My near future science-fiction story “Neuro” will be coming out soon as part of Fablecroft’s “The Art of Being Human” speculative fiction anthology. This is Australian publisher Fablecroft’s first anthology in six years, and it celebrates the arts and creativity in all its forms (theatre, film, painting, writing, and everything else) and how that ties into our humanity.
“Neuro” was primarily inspired by two things:
- The detailed stage musicals I dream of every few months, and then inevitably forget ten seconds after waking. I deeply wish that I could remember the amazing songs that my subconcious composes! And,
- My love of YouTube videos.
In the world of this story, the Neuro platform records your brain while you’re experiencing something (this could be anything from your morning coffee to extreme snowboarding to your dreams of non-existent stage musicals) and then offers you the opportunity to replay it with all the sights, sounds, smells, tastes and feelings that you experienced the first time. If you upload your experience publicly to the Neuro patform, other people can also experience it by having their Neuro replicate the same brain states that occured while it was recording (it’s a little more complex than that, really, but you’ll need to read the story to find out all the interesting details!).
In a nutshell, Neuro is like YouTube for life experiences instead of 2D videos.
At over 5,000 words, “Neuro” gives me plenty of room to dig in and really explore this premise, and I hope readers enjoy getting to know this technology and how it changes humans’ perceptions of their world as much as I enjoyed creating it.
Here’s a sneak peak from early in the story:
The first experiences offered to me on the main menu were grouped under ‘Recommended for new users,’ which sounded exactly like the kind of cautious start I wanted. The image thumbnails suggested a sunny seaside town, a hot spring, a tropical beach, or a cosy log fire. With any anxious anticipation artificially dulled, I went ahead and selected the tropical beach scene.
Immediately, my sensations started to shift, like falling gently out of a dream. The first thing I noticed was the heat: the sun radiating down, the warm breeze ruffling my shirt, the hot sand between my toes. The light was so much brighter, reflecting off the dunes and waves, than in my bedroom, but my new eyes were almost used to it. Then my new body—the body I was borrowing, the body of the woman who originally recorded that experience—started to move, and I was overwhelmed by the difference between our physical realities. How her longer, athletic legs travelled with such fluidity down the beach. How her smaller breasts didn’t bounce as we walked. The sensation of where her shoulders and nose sat in space. And she was so happy, so content. I could feel it through her whole body, her whole mind.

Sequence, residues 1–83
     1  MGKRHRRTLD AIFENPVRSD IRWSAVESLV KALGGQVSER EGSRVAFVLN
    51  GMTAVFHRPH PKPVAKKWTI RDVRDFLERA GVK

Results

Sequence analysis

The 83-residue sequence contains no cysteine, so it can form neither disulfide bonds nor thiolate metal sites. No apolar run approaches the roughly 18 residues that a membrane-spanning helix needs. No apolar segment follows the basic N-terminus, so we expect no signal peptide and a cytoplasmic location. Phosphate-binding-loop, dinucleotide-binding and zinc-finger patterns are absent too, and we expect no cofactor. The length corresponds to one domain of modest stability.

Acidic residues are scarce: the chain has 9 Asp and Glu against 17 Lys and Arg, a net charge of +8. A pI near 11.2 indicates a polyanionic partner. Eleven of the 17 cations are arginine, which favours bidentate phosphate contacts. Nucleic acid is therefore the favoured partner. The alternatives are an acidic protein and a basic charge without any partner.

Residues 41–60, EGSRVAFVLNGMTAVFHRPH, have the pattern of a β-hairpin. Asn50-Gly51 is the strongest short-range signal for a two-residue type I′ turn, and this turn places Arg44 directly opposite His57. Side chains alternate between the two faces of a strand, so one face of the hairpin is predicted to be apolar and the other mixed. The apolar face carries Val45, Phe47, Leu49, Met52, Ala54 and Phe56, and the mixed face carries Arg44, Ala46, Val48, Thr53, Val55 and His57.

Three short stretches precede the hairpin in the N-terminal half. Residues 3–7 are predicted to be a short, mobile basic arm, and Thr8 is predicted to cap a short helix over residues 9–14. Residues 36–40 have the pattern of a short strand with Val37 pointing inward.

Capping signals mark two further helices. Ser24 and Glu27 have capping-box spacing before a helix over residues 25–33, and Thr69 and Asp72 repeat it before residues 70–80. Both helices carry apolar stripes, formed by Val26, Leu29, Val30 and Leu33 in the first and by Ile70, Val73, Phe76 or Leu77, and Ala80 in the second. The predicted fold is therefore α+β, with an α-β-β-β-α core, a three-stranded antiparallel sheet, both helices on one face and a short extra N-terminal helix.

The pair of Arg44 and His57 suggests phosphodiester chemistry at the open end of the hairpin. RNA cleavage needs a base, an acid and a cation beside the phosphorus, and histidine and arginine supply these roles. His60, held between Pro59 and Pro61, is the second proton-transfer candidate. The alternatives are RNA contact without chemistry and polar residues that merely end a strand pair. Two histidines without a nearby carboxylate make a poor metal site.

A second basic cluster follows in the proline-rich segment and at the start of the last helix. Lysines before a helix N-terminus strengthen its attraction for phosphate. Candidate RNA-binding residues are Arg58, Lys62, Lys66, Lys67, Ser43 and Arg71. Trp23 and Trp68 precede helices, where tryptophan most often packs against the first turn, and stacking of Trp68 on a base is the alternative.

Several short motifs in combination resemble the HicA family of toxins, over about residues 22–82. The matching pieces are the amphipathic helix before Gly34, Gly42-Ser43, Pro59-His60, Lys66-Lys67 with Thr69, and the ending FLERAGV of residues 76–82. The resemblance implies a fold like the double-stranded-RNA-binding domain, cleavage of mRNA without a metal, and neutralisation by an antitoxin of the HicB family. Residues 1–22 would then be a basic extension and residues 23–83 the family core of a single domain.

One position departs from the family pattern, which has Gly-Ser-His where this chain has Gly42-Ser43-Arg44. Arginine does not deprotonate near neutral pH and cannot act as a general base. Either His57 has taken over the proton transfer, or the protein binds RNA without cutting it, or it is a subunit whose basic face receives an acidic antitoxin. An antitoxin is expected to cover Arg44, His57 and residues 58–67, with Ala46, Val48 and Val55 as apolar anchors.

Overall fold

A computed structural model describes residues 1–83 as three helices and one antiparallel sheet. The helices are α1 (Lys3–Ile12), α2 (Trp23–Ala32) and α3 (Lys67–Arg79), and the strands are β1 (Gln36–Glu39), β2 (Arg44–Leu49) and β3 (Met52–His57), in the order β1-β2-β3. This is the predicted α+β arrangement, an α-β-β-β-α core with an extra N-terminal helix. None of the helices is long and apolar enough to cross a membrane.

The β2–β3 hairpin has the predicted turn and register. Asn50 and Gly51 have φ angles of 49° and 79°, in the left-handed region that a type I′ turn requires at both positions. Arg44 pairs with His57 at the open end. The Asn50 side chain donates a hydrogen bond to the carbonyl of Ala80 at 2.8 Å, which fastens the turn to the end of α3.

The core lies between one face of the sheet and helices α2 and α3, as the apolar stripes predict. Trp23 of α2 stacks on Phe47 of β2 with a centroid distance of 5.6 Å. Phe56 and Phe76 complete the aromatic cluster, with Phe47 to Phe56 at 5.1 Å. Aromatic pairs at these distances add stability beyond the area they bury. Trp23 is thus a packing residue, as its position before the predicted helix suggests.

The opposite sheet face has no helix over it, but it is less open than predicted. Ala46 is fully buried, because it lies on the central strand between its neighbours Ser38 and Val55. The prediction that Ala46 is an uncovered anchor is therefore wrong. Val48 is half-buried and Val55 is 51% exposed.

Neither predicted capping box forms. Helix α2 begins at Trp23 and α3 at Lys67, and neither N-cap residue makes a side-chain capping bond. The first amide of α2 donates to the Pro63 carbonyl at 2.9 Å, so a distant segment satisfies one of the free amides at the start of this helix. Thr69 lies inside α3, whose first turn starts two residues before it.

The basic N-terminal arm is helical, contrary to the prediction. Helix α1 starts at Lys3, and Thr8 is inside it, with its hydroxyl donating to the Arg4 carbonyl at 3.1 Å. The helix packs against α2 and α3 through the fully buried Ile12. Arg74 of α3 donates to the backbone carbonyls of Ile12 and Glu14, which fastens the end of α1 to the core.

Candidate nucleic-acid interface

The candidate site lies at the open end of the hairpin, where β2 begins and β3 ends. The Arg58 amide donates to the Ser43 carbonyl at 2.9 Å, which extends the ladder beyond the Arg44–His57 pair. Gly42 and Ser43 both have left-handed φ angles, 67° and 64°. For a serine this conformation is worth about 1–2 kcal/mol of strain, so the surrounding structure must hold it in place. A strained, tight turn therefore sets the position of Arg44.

She climbed onto a padded, plastic recliner so that her top half was shaded and her legs were still hot in the sun. We looked up into the gently waving palm fronds. We looked out where small children were playing joyfully in the shallows. A bartender handed her a strawberry-coloured cocktail, and the glass was chilled in our long fingers. Everything smelt of warm, fresh salt air. When she lifted the drink to our lips, her hands smelt of coconut.
I stayed in that experience for its full 54 minutes. At that point, it kicked me out smoothly, back to the weightless nothing of the main menu. It had felt like 15 minutes. I had been in paradise, and although objectively, nothing had happened, I was alarmed by how much my entire waking worldview seemed to have shifted.
My bedroom was getting dark, and a little cold. I switched on the light and the heater, ate a small dinner with my husband, and then replayed the same beach experience once more later that night.
“The Art of Being Human” anthology will contain “Neuro” and 23 other specualtive stories about the arts and our humanity. It currently has a live Kickstarter that funded less than 72 hours after launching! There are still lots of exciting stretch goals to be potentially hit, including interior artwork, and more importantly backing this Kickstarter is the only way to acquire a limited-edition physical/print copy of the anthology (it will still be for sale digitally after).
This Kickstarter will run until 8pm on August 28, 2022 (Australian Eastern Standard Time).